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Revolt Newsletter 72


1. Following reports of the underground section in news71, other landowner reports describe local difficulties, mainly with getting contractors to keep to the local agreements, even after being told a number of times. Great persistence has been needed to get National Grid to make its contractors keep to agreements. For example, contractors have used farm roads instead of laying their own road along the swathe, they have started noisy work at 7.30 am when 8.00 am was agreed, they have used turning areas for parking plant and machinery at night and weekends, they have also used the turning areas for dumping soil from elsewhere and even dumping the muck from the road sweeping lorries. Work is organised for the contractors' convenience not the landowners'.

2. Security problems are reported on the underground section. Plant left overnight has brought break-ins to the area. One house nearby had four actual or attempted break-ins. The main compound at Poole roundabout has had several thefts. NG has eventually woken up and is going to patrol.

3. Aluminium trackway has been used for Northern Electric work near the underground section. A huge crane was used to unload tracks from wagons. Big ruts were made where vehicles go off the track to turn around. Expensive wooden track is now being used for some NGC work.

4. Interesting point about compensation payments being taxable: payment for a voluntary agreement may be viewed as a sale or capital gain and hence taxable, whereas compensation for damage or for compulsory powers may be argued as not a capital gain, though this seems to be unclear.

5. From the Times 1.2.01: the Conservatives are to make mobile phone masts an election issue. There are 20,000 masts across UK and rising demand (the new generation of mobiles) means there could be 100,000. Health concerns for children exposed to phones microwaves have been confirmed in the Independent Expert Group report last year. Our view: there is an equally good case for concerns about pylons and health. NGC has over 7,000 route kilometres of overhead lines (around 20,000 pylons) and the regional electricity companies have many more. There is a case for comparable compensation - local examples of small masts pay eg 4,000 pounds per annum compensation against 80 pounds for a large pylon! All political parties would do well to develop policies to control both pylons and masts, and to require better compensation.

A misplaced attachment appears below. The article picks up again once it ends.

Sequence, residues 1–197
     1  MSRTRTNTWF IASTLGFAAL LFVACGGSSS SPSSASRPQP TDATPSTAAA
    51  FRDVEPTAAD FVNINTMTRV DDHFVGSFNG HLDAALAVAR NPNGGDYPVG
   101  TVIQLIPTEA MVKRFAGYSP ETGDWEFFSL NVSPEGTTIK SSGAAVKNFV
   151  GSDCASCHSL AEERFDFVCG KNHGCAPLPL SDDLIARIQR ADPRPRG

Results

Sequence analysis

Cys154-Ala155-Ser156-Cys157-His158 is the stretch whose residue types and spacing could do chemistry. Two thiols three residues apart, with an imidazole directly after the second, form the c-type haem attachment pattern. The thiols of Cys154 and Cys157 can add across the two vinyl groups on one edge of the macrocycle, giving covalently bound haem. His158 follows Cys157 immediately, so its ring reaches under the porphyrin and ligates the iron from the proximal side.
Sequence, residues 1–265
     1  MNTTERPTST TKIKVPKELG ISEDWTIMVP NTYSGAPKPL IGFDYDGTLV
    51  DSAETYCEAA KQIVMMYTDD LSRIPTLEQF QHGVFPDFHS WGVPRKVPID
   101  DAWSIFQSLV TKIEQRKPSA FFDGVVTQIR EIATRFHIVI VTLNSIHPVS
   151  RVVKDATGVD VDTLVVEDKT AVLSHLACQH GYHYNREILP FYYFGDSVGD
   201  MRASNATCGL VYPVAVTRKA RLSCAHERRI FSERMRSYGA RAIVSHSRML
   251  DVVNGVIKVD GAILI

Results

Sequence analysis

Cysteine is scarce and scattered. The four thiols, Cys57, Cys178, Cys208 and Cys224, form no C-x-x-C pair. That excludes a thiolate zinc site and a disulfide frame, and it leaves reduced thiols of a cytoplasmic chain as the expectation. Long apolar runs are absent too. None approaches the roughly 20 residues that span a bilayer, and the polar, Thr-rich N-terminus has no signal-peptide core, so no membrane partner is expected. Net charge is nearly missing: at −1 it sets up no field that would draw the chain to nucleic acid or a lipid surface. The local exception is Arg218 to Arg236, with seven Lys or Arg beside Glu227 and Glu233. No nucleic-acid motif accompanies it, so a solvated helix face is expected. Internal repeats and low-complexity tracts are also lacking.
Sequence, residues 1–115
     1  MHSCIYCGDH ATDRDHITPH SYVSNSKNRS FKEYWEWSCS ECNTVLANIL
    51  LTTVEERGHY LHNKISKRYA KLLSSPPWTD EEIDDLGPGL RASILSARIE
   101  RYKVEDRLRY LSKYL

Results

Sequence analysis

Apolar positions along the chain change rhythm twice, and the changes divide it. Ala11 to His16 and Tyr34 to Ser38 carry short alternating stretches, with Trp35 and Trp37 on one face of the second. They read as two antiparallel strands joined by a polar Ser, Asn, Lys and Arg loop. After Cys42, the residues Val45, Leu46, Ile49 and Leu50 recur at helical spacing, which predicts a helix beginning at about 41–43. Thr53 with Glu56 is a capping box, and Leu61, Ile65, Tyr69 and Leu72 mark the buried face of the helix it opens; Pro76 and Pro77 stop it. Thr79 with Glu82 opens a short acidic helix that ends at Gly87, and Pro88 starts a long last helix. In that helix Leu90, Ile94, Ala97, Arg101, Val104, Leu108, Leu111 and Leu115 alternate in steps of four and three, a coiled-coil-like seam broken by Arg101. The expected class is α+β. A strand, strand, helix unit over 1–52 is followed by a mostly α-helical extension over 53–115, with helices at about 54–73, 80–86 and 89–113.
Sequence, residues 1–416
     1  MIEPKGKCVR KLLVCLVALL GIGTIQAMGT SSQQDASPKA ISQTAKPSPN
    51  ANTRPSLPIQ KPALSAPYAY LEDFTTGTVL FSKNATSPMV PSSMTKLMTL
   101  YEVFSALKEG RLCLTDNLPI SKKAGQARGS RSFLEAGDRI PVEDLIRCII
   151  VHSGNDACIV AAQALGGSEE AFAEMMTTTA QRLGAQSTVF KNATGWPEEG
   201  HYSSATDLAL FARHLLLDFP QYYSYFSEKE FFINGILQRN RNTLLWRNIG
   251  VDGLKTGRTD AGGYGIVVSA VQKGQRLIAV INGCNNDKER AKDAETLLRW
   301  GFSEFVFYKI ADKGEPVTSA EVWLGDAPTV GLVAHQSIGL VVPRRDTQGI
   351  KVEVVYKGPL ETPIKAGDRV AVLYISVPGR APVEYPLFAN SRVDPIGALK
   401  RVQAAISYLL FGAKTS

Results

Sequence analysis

6. Independent on Sunday 28.1.01 page 4 carries an article by Jonathan Thompson on the fuel cell development by Regenesys. They are to build an "electricity warehouse" able to hold 120 MWh (MegaWatt hours) and costing 15 million pounds. That would supply a town like Basingstoke for a day. It could also supplement a small windfarm, by providing power on low-wind or stormy days (when the windfarm is not generating) and being topped up on good windfarm days. A small windfarm of installed capacity 12 MW (of which only about 4 MW would be on average available) could provide the fuel cell "battery" with enough power to output 4 MW continuously, less losses in the charging/discharging processes which might bring it down to, say, 3 MW net continuous output. (These are my calculations and I don't know the precise rate of these losses.) The value of this would be that windpower could, when backed up by a fuel cell system, provide locally useful power and thereby avoid extra transmission. Instead of large remote windfarms, which have many faults, turbines distributed to serve local demand would be beneficial, both for remote settlements and for the net demand areas in the south of England.

7. "Raskelf is revolting" is the title of Raskelf village's press release last week. They have had enough of the continual deception and worsening of the impacts of NGC's project, now they face 2,480 heavy lorries and 5,000 other heavy vehicles transiting their very dangerous crossroads. See http://www.w4u.co.uk/raskelf/ . They show photos handiwork in building "passing points" so HGV's can pass each other.

8. Reports also say that the road into Raskelf, which was recently "improved" for the NGC project, is a complete mess, and needs repairing again even before the project starts!

- Mike O'Carroll


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